The Death of a Child: Understanding the Grief Facing Charlie Gard’s Parents by Jessica Firger
I don’t think most people, Christians above all, have a handle on how to minister to someone who is in grief. It’s a topic I wish were covered more often on spiritual abuse type blogs.
The following editorial focuses on the loss of an infant, but I think a lot of the advice the expert gives is applicable to about anyone who has suffered loss, regardless of the age.
The Death of a Child: Understanding the Grief Facing Charlie Gard’s Parents
This week, Connie Yates and Chris Gard said goodbye to their son, Charlie Gard. On Thursday, a judge of the British High Court ruled the 11-month-old, who had been suffering from an extremely rare and untreatable genetic disorder known as mitochondrial DNA depletion syndrome, should be taken off life-support and moved into a hospice facility. He died the next day.
The story of the young boy has stirred up an international and contentious debate about the limits of hospice and end-of-life care.
…Newsweek spoke with Dr. Joanne Cacciatore, a grief counselor whose area of expertise is traumatic death, particularly that of children. Cacciatore is professor of psychology at Arizona State University and founder of the MISS Foundation, a nonprofit that provides social support services to families grieving loss.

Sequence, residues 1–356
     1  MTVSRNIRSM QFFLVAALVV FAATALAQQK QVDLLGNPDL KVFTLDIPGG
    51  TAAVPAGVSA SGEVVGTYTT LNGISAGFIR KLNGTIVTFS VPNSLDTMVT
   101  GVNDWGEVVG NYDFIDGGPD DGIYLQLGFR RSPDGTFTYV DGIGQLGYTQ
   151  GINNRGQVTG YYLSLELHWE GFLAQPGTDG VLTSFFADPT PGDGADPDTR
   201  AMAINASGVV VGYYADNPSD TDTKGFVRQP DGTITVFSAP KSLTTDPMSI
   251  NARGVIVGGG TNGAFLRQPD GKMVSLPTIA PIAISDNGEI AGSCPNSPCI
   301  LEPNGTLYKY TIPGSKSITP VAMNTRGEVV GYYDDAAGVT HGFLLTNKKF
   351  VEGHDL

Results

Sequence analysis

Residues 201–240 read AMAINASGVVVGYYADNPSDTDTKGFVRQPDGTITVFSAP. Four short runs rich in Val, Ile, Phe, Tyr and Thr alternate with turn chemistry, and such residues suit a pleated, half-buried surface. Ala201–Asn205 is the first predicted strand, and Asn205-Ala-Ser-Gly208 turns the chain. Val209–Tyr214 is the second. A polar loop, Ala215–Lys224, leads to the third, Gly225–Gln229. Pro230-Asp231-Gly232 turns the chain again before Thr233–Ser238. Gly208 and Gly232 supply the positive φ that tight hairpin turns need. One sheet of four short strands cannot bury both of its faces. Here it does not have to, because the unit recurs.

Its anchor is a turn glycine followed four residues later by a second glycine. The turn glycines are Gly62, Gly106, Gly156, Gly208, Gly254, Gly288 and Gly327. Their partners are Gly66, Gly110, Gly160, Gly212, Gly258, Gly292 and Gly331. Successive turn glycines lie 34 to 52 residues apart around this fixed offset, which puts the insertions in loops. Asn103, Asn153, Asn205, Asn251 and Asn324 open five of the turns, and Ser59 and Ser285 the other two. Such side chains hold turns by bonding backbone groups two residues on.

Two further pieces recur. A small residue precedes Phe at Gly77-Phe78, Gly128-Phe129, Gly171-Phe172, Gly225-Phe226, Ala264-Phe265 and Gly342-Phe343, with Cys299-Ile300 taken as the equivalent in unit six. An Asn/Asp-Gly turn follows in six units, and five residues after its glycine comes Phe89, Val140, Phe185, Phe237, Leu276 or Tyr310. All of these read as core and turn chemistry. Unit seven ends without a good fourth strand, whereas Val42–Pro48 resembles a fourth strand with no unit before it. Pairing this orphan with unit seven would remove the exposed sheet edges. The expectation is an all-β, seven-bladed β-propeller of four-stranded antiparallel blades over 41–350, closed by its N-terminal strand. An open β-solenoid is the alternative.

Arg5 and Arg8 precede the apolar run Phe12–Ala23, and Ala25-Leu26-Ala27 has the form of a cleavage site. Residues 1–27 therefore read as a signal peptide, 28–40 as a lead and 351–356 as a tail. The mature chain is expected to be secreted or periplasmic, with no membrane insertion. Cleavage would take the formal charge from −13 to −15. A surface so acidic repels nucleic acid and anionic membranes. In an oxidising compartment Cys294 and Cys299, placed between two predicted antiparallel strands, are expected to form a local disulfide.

Although Cacciatore has published more than 60 papers on the subject of bereavement and traumatic death, her expertise is also firsthand. More than two decades ago, she lost her daughter, Cheyanne, at birth.
What makes grieving the loss of an infant different from grieving an older child?
The death of a child at any age and from any cause is life-changing for parents. It’s always extremely painful. What makes the death of a young baby different is that often the family grieves alone.
Very few people knew the child intimately other than the parents.
And because babies are, of course, highly dependent on the parent for care, such a death is different in some important and really painful ways. Many parents who experience the death of a baby feel a tremendous sense of responsibility for their baby’s death.
….Does the bereavement process become easier over time for parents that find themselves in these circumstances?
I’m not a fan of the idea of “recovery,” because I don’t think we ever recover from a catastrophic loss. But the grief can become lighter. I try to teach people how to carry it, how to turn toward it, and how to stay connected to the child who died. We need space and people to remember with us in nonjudgmental ways.